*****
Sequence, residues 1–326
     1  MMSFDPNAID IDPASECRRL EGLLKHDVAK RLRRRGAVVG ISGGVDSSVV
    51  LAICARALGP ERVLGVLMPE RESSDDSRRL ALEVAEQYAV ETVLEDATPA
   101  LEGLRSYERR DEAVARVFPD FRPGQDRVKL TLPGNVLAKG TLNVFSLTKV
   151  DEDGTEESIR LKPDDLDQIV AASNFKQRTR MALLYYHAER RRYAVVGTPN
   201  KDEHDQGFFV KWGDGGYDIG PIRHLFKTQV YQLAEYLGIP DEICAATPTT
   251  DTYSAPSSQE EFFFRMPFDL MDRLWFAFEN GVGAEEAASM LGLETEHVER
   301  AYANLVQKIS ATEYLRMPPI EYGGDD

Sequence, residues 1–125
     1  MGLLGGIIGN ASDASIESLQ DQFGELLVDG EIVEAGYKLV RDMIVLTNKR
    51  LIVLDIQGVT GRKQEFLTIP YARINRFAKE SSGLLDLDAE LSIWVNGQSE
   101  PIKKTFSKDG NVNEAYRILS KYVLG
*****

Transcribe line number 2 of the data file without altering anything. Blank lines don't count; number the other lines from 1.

     1  MMSFDPNAID IDPASECRRL EGLLKHDVAK RLRRRGAVVG ISGGVDSSVV